Perhaps most poignant, on this day of honor, was one last speech. This one was again given by Doran, though its recipients likely won’t understand its magnitude until they, too, are well beyond their playing days (and the fleeting grandeur of youth). Before they took to the pitch for their own homecoming match later that afternoon, the 2011 Shepherd Men’s Soccer team found themselves at attention, in front of the very man who began the program within which they now thrive. As was expected, Doran’s soft Irish tone and affable manner won over each and every listener. He gave a brief history of the program, as well as encouragement for the future. He also delivered one of his two most beloved expressions: “Men, remember those that came before you; without their efforts—no matter the results—you wouldn’t be here.” The other one? “Leave the place a little better than you found it.”
— This is the part where I get to be an extremely grateful admirer, as well as an editor. Coach, as we called him then, and still do today, recruited me in 1992 from Martinsburg High School. We knew each other for a short time when I was younger, from soccer camps, but then there were quite a few years apart. He came back into my life when I was a senior at Martinsburg. Like a handful of guys over the years, I had offers from quite a few schools, but there was just something about Coach—it’s hard to explain. And in the years that followed, you could probably say that most of us, on many levels, were playing for him, as well as each other, just as much as we were playing for anything. And I think that’s why we discovered a unique brand of success during those years. At this point, I could speak about Coach for hours, and write pages upon pages—as most of the people who have known him could attest. To say Mike Doran was like a father figure to us all would be an enormous understatement. In particular, he and I developed a relationship that spills over into my life, even today. And believe me, we had our moments (with many reading this likely smiling and/or shaking their heads)—but in many ways, that’s what family’s about…and knowing Mike Doran the way we all did meant that we were way more than a team. We were a family. And as he often reflects upon today in many conversations, Coach is extremely proud of the fact that most of us are all still in contact with one another, and still quite close. Not enough will ever be said about those years. Fortunately, for the ones who experienced them, we have the memories comfortably residing in our hearts and minds. Life being what it is, I can’t think of a better place for them.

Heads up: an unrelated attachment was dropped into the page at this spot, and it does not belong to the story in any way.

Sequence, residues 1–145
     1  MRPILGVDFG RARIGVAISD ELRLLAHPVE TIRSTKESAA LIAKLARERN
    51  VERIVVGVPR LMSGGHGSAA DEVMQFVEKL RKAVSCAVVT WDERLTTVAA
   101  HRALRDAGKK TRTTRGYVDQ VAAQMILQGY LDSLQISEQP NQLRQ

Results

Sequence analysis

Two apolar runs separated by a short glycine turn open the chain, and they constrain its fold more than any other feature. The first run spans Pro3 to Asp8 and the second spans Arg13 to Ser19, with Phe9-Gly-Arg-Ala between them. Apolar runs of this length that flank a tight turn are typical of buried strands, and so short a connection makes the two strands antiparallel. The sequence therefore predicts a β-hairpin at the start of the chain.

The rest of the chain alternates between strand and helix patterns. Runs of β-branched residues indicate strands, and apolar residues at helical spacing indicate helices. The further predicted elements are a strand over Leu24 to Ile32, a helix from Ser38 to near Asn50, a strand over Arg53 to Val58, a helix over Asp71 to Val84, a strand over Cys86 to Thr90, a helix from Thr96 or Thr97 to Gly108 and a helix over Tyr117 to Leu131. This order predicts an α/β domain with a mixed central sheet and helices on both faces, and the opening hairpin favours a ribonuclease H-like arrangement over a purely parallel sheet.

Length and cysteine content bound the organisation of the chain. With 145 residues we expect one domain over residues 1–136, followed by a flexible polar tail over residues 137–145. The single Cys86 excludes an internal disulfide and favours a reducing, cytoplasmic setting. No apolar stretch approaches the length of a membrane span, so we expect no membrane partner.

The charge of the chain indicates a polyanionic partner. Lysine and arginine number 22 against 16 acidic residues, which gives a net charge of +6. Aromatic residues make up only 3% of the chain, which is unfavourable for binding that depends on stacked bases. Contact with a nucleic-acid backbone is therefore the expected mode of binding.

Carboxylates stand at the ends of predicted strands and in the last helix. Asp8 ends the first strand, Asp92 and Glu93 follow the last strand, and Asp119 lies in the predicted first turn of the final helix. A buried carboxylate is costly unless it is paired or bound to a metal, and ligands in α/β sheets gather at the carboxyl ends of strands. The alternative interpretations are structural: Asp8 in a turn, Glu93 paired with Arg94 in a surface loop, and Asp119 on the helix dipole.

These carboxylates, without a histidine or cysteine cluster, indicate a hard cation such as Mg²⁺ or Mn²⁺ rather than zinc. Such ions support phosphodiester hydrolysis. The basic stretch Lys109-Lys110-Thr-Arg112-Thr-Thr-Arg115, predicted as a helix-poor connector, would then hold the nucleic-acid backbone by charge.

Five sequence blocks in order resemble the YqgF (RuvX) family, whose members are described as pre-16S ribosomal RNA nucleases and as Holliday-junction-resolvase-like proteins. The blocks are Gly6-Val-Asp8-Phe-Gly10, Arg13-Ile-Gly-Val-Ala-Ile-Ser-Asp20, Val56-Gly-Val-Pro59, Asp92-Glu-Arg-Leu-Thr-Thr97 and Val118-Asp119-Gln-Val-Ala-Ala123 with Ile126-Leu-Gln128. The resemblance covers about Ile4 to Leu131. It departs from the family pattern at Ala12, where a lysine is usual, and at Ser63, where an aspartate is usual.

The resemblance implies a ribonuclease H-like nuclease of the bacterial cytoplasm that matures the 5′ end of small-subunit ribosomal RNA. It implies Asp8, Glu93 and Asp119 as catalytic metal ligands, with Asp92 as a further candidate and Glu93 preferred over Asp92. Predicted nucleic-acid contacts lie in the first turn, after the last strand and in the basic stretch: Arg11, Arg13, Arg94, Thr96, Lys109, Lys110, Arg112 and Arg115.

Checks should be made payable to The Shepherd University Foundation—indicate the Mike Doran Soccer Scholarship in the memo line.
For more information, contact Aaron Ryan at email@example.com or 304-876-5527.